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https://www.readbyqxmd.com/read/29132064/patients-and-caregivers-contributions-for-differentiating-epileptic-from-psychogenic-nonepileptic-seizures-value-and-limitations-of-self-reporting-questionnaires-a-pilot-study
#1
Giuseppe Erba, Elisa Bianchi, Giorgia Giussani, John Langfitt, Adam Juersivich, Ettore Beghi
PURPOSE: Questionnaires investigating semiology and comorbidities of psychogenic non-epileptic seizures (PNES) have been used mainly to help physicians expedite referrals to epilepsy centres for confirmation of diagnosis rather than as alternative diagnostic tool when video-EEG monitoring (VEM), the current gold standard, is not available or is inconclusive. METHODS: We developed one structured questionnaire for patients, exploring subjective experiences and vulnerabilities and one for eyewitnesses, focused on features observable during typical events to study prospectively 50 consecutive adult patients with PNES or epileptic seizures (ES) admitted for VEM...
November 8, 2017: Seizure: the Journal of the British Epilepsy Association
https://www.readbyqxmd.com/read/29126048/lennox-gastaut-syndrome-in-adulthood-long-term-clinical-follow-up-of-38-patients-and-analysis-of-their-recorded-seizures
#2
Aglaia Vignoli, Gaia Oggioni, Giovanni De Maria, Angela Peron, Miriam Nella Savini, Elena Zambrelli, Valentina Chiesa, Francesca La Briola, Katherine Turner, Maria Paola Canevini
Lennox-Gastaut syndrome (LGS) is a severe epileptic encephalopathy with childhood onset that usually continues through adolescence and into adulthood. In the long term, patients with this condition still have intractable seizures, intellectual disability, behavioral problems, and physical comorbidities. The aim of this study was to describe the clinical and EEG characteristics of a group of adults with Lennox-Gastaut syndrome. We identified 38 (22 females, 16 males) patients with LGS older than age 18years at their last evaluation, with mean age of 43...
November 7, 2017: Epilepsy & Behavior: E&B
https://www.readbyqxmd.com/read/29111503/are-the-clinical-classifications-for-psychogenic-nonepileptic-seizures-reliable
#3
Coline Duwicquet, Bertrand de Toffol, Philippe Corcia, Maxime Bonnin, Wissam El-Hage, Julien Biberon
BACKGROUND: Psychogenic nonepileptic seizures (PNESs) are episodes that resemble epileptic seizures but are of psychological origin. A few studies have attempted to describe different types of PNES as a combination of clinical signs but their validation and robustness have not yet been reached. The aim of this study was to assess the inter-rater reliability (IRR) of five existing clinical PNES classifications. METHODS: A total of 107 PNESs from 54 patients were retrospectively analyzed independently by two trained epileptologists, who were blinded to each other's findings...
October 27, 2017: Epilepsy & Behavior: E&B
https://www.readbyqxmd.com/read/29111502/a-simple-clinical-score-for-prediction-of-nonepileptic-seizures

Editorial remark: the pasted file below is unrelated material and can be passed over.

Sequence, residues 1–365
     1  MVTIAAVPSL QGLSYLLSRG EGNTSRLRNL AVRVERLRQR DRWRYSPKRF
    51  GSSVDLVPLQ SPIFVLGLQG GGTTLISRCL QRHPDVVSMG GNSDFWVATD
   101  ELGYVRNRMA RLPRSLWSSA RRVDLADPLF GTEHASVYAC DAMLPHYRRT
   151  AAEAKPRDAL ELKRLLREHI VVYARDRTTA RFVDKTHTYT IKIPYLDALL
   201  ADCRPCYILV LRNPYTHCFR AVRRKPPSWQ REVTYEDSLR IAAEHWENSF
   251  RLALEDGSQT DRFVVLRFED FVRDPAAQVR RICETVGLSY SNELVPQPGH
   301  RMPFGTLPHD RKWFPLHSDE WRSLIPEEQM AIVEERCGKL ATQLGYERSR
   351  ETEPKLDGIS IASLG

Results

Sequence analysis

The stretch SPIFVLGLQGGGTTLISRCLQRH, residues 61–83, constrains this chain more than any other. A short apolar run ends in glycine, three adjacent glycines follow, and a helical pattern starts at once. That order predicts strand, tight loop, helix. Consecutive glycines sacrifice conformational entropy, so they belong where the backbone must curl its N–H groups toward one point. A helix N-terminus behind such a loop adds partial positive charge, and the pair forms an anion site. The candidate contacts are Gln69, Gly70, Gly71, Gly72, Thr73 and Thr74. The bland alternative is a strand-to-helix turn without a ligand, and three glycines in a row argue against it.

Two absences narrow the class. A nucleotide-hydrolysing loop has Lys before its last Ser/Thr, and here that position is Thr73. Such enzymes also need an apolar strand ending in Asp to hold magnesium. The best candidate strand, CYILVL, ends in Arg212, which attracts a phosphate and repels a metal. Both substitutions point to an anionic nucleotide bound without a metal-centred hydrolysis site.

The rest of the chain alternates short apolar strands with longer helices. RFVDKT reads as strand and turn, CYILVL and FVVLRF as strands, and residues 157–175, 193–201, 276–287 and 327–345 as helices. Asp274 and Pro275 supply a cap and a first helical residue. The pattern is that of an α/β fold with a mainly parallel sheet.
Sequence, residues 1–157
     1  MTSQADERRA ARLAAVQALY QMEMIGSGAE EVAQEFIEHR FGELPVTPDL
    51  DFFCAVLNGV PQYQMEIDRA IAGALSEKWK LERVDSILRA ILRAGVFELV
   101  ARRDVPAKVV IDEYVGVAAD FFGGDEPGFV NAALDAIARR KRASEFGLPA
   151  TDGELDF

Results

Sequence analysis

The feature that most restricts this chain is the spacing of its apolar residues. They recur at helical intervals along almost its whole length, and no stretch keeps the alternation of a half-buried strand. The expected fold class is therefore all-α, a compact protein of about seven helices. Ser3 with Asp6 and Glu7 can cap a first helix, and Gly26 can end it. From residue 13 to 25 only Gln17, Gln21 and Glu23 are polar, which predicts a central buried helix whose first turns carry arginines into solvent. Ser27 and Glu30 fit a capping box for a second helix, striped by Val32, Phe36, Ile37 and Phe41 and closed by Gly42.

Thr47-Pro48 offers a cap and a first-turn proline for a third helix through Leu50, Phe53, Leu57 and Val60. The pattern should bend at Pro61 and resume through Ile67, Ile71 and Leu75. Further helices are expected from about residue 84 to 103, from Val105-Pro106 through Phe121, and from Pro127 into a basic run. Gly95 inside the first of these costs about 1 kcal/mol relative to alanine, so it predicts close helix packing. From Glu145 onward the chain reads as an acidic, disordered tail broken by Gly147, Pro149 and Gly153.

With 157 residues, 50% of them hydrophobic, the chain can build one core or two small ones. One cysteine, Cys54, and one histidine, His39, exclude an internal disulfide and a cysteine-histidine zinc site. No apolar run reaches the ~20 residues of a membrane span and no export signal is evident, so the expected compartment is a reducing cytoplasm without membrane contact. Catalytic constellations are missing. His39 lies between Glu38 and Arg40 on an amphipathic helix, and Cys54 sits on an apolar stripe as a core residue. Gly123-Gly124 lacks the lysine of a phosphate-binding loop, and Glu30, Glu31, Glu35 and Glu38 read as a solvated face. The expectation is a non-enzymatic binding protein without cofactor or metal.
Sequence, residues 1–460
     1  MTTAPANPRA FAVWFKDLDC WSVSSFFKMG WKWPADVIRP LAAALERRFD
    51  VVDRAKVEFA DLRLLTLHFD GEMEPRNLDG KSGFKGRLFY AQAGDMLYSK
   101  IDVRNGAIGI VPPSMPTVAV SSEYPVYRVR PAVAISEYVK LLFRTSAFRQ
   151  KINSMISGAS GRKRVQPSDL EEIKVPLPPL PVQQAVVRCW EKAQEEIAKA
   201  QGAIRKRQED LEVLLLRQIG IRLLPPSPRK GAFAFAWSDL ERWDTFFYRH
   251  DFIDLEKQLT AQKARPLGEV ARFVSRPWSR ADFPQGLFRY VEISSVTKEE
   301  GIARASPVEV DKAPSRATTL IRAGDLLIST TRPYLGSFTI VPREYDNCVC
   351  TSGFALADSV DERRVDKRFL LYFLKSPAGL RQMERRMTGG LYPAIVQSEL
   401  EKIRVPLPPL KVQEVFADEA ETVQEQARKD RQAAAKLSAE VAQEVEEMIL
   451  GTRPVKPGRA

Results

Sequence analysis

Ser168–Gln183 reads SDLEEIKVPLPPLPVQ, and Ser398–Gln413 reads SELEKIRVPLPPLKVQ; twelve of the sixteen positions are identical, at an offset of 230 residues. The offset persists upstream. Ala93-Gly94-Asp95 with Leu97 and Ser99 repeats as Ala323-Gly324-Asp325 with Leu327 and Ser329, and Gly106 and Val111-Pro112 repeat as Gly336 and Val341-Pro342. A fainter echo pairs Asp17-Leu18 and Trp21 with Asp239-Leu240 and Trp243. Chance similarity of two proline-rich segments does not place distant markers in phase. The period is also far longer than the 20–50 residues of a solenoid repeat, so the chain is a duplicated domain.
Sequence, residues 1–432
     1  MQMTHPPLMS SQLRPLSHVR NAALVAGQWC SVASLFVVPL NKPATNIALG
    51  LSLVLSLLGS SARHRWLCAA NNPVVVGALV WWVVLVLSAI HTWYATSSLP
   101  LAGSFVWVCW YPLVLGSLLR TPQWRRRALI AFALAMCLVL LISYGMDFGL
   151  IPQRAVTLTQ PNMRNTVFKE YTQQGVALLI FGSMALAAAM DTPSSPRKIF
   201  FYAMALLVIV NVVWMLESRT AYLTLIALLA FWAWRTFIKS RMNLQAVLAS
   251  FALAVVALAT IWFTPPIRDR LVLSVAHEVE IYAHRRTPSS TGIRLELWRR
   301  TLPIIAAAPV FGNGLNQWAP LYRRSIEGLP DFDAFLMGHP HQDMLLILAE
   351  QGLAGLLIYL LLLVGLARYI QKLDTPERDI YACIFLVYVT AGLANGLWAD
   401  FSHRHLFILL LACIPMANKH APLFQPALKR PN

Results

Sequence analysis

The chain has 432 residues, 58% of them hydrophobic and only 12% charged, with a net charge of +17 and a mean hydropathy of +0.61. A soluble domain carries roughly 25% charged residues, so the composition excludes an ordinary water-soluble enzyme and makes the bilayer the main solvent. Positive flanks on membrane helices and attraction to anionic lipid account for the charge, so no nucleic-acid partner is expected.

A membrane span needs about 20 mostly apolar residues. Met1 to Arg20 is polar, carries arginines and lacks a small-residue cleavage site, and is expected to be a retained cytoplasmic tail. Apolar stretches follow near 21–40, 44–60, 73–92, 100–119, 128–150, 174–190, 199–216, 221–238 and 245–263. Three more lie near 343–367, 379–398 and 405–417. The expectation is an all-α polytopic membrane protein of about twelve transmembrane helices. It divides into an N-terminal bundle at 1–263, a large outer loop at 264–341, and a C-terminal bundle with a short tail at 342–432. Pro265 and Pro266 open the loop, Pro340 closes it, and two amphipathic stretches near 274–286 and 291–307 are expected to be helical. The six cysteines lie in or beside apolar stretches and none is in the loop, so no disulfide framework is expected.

#4
Sindhu R Rao, Jeremy D Slater, Giridhar P Kalamangalam
Psychogenic nonepileptic seizures (PNES), often mistaken for epilepsy in community practice, require inpatient video-EEG (VEEG) monitoring for diagnostic confirmation. We developed a simple score designed for use in an outpatient setting to predict the subsequent VEEG diagnosis of PNES. We retrospectively compared fifty-five consecutive patients with VEEG-proven PNES (N1=55) with a group of randomly selected patients with VEEG-proven epilepsy (N2=55). Patients were divided into two groups: I) a 'truly retrospective' group of 27 patients with PNES and 27 patients with epilepsy whose data served to develop the score, and II) a 'pseudoprospective' group of 28 patients each with PNES and epilepsy to whom the score was applied...
October 27, 2017: Epilepsy & Behavior: E&B
https://www.readbyqxmd.com/read/29111501/understanding-variability-in-driving-recommendations-for-patients-with-seizures
#5
Sidrah Mahmud, Sean T Hwang
BACKGROUND: There is lack of consensus regarding driving restrictions for patients with epilepsy. Regulations vary by state. New York State (NYS) recommends driving restrictions for one year in a person with an episode of loss of consciousness (LOC), with physician discretion. Often, providers make recommendations to permit their patients to drive after a shorter seizure-free period than proposed guidelines. The prevalence and reasons behind more lenient recommendations have not been elucidated...
October 27, 2017: Epilepsy & Behavior: E&B
https://www.readbyqxmd.com/read/29099440/postnatal-expression-of-thalamic-gabaa-receptor-subunits-in-the-stargazer-mouse-model-of-absence-epilepsy
#6
Steve Seo, Beulah Leitch
Absence seizures are known to originate from disruptions within the corticothalamocortical network; however, the precise underlying cellular and molecular mechanisms that induce hypersynchronicity and hyperexcitability are debated and likely to be complex and multifactorial. Recent studies implicate impaired thalamic GABAergic inhibition as a common feature in multiple animal models of absence epilepsy, including the well-established stargazer mouse model. Recently, we demonstrated region-specific increases in the whole tissue and synaptic levels of GABAA receptor (GABAAR) subunits α1 and β2, within the ventral posterior region of the thalamus in adult epileptic stargazer mice compared with nonepileptic control littermates...
December 13, 2017: Neuroreport
https://www.readbyqxmd.com/read/29095389/paroxysmal-tonic-upgaze-in-children-three-case-reports-and-a-review-of-the-literature
#7
Ayse Kartal